The Future of Education: 10 Trends To Watch
It is that time of the year when we tend to pause, reflect, and look forward. What have we achieved in the year just passed? What are the highlights of culture, business, technology, and trends that we have observed around us?
For me, the most exciting and positive movement at present is in the domain of technology impacting education. And it is an impact that is coming from many different directions.
Let’s explore them in further detail.
Cost of Higher Education
The cost of higher education is high, and when coupled with youth unemployment and student debt, it has become a serious issue that is finally getting a great deal of attention this year. It is causing higher ed institutions to experiment, consider alternative models, explore new ideas. Education has been a rather slow-to-change field. This year, however, I think the pace of change has picked up, and most likely, this trend is driven by fear. While the top institutions with big brands can justify their premium pricing, most others cannot. Tremendous amounts of quality educational content is available online for free, or at reasonable prices. Unless the degree comes with a serious branded network, is it worthwhile to pay so much? The question, I am sure, will be hotly debated over the rest of this decade, and changes will come.
Question Mark Around Liberal Arts Education
The jobs are mostly in the STEM fields. Then why would anyone pay $30K a year or more for four years to study the humanities? What is the justification for existence of the liberal arts colleges if they cannot translate that education into lucrative professional careers? This is the question plaguing the leaders in that field. Personally, I am a huge believer in liberal arts education. However, I also believe that liberal arts should be the arts that liberate. Today, those are technology and entrepreneurship. Thus, I would like to see the liberal arts colleges make it compulsory for students to study programming and entrepreneurship as parts of their degree requirement. We’re not there yet, but by 2020, I hope, we get there.
Evolution of Engineering Education
Most engineering schools are hotbeds of experimentation with MOOCs and other online education possibilities. EdX, the mother of all MOOCs, came out of a collaboration between Harvard and MIT, and is run by MIT’s Anant Agarwal. There is, however, concern around intellectual property, and many deans are not as keen to give out their jewels for free. My take on the subject is that Free is a dangerous path. Creating and delivering value isn’t free. Thus, consuming value should also not be free. Is education a public good? To an extent. But with governments neck-deep in debt, it is unclear how such models will be sustained at scale. Nonetheless, experimenting with scalable modes of delivering world-class education to students worldwide is worthwhile. Whatever comes out of this will likely, also, be worthwhile. The other observation I have is that many of the deans of engineering schools are trying to figure out how to also train their entire body of engineering students with entrepreneurship education. They don’t have adequate budgets yet, but again, with smart use of virtual methods, it is doable. I would like to see, by 2020, every single engineering student in the world also trained in entrepreneurship. The pace of progress for humanity will accelerate tremendously. It is engineers, not MBAs, who know best how to build things. That includes new companies.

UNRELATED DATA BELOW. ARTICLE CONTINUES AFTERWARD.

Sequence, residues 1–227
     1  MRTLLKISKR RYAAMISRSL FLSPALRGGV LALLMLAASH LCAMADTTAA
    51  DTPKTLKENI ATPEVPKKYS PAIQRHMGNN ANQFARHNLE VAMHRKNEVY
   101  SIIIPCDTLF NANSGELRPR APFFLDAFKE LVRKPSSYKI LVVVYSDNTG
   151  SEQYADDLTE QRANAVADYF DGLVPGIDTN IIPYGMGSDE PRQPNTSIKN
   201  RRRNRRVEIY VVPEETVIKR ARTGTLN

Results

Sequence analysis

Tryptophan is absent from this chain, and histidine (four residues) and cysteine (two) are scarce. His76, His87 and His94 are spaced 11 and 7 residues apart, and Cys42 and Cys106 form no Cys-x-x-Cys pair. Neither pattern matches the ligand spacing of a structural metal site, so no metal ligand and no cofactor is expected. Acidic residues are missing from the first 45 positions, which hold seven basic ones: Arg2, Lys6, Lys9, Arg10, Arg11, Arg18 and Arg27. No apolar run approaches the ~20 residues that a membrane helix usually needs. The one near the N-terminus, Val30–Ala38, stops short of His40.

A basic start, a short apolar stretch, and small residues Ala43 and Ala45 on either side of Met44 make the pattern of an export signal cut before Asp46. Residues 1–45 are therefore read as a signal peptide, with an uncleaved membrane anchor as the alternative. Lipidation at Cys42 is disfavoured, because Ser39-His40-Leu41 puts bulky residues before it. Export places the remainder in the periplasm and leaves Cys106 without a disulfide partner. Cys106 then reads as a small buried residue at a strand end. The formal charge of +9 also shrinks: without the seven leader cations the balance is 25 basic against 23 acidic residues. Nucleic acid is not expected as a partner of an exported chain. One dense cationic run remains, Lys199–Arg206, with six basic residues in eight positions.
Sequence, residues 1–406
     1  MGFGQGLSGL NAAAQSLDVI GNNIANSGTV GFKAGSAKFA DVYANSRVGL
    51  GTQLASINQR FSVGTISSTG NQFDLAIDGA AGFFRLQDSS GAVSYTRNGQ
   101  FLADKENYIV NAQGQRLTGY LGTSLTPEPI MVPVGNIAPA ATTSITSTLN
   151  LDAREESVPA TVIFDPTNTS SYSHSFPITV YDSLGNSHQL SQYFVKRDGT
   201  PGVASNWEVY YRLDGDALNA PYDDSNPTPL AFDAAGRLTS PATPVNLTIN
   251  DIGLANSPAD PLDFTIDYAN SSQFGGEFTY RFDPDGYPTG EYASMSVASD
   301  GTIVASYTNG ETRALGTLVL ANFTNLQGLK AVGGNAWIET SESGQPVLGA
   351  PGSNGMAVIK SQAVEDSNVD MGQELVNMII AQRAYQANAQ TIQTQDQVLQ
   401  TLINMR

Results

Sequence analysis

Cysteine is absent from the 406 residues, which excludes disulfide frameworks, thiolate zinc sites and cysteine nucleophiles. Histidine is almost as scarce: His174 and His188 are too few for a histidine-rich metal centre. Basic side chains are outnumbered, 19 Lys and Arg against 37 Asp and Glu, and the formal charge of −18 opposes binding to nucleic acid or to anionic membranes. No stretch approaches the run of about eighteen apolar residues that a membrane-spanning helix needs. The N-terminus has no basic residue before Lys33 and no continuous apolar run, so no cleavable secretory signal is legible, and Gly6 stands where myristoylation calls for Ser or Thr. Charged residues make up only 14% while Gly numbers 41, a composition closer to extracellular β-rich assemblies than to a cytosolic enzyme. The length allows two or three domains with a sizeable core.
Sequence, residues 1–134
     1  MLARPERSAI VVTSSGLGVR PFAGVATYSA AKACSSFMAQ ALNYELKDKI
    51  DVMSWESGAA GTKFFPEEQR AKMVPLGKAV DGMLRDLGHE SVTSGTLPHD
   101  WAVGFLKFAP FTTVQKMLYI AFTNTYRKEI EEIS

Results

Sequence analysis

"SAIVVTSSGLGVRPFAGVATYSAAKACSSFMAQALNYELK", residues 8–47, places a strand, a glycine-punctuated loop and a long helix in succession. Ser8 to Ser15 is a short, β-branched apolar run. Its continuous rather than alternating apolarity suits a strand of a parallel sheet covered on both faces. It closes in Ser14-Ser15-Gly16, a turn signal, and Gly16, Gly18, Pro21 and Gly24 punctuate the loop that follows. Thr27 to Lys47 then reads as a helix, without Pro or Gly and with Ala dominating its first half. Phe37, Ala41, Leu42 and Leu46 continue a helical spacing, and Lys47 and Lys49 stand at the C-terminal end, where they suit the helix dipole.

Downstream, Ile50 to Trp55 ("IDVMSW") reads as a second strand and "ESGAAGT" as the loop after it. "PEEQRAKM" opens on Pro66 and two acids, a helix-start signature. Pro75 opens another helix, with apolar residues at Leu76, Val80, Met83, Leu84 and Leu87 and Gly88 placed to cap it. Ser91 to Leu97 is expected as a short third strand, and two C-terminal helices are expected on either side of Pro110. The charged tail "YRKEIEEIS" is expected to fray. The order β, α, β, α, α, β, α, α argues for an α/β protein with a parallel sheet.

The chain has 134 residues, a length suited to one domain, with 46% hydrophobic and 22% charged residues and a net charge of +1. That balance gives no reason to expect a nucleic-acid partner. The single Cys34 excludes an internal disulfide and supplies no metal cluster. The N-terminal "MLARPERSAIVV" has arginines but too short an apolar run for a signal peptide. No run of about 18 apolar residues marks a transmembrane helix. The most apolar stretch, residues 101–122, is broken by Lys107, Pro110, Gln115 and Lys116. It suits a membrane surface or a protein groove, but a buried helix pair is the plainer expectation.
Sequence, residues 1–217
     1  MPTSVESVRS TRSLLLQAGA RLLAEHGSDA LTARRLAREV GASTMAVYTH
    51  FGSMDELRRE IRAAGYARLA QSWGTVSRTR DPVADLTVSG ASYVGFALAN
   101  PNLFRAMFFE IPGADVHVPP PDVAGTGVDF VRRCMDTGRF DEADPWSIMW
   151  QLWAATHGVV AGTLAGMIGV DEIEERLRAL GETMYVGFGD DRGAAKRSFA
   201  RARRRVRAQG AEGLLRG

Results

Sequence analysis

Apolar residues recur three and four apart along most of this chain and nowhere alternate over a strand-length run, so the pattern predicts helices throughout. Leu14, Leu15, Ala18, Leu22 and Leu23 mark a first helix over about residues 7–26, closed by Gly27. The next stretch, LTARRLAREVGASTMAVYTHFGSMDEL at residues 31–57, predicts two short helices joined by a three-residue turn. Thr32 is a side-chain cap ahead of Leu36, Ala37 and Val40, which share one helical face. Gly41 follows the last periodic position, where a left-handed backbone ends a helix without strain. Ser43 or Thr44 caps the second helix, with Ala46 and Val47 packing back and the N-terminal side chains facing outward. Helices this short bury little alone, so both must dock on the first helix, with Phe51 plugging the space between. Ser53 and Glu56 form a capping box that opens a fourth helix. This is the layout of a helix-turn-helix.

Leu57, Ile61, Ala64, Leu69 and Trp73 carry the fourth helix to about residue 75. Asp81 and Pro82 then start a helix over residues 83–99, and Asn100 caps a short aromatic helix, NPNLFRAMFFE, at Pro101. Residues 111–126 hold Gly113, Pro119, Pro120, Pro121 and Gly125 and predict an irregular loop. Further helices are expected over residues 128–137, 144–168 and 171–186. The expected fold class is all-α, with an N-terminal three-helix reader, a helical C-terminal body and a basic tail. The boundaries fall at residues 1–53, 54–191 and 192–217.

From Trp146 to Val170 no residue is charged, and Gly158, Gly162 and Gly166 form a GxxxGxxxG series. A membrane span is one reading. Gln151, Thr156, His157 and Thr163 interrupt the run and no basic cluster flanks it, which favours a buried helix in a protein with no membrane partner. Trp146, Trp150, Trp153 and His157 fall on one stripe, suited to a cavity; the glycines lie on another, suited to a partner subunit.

Demand for Community Colleges and Vocational Education
At the face of huge global youth unemployment numbers, the country that has drawn attention as a successful model is Germany. They do vocational training well. Most other countries don’t. America has an excellent network of community colleges through which really great quality vocational training can be delivered. However, the quality of the community colleges and their connections into the employers is quite poor. There’s a lot of work to be done here, but through a combination of virtual learnings methods and internships, the gap can be bridged. The model, also, needs to be replicated globally.
Changes in K-12 Education
Salman Khan has made some dent in K-12, and Khan Academy’s attempts at redirecting schools from the ‘sage on the stage’ model to the ‘guide on the side’ is a seminal experiment. Instead of not-very-qualified teachers trying to create course content, if the lectures are standardized and delivered via online video, with teachers guiding students through exercises in class, the quality of education may significantly improve. It’s early. But, it is an extremely promising direction. In general, rich media content available widely for educational purposes is awesome. The film ‘Lincoln’ is far more engaging to teach history with than a dry textbook.
Today, the limiting factor for online education is broadband penetration. By 2020, this will change dramatically. Digital ’s impact on society will change alongside it.
Changing Dynamics of Media Consumption
The availability of vast amounts of media content—not only on smartphones and tablets, but also on television—is drastically changing how people consume media. Instead of TV being time-bound, today, it is becoming largely on-demand. To the extent this trend accelerates, education and entertainment are going to intersect in ways that we haven’t seen yet. I see huge potential.
For-profit colleges get a lot of flack. They charge big tuition fees, and don’t deliver on the employability metric. I think their real potential is as providers of great digital programs and materials that can help existing institutions scale their own delivery capabilities at reasonable prices. If community colleges started adopting more of these proven digital learning methods and casting their faculty as ‘guides on side’, the results could be … Next Page »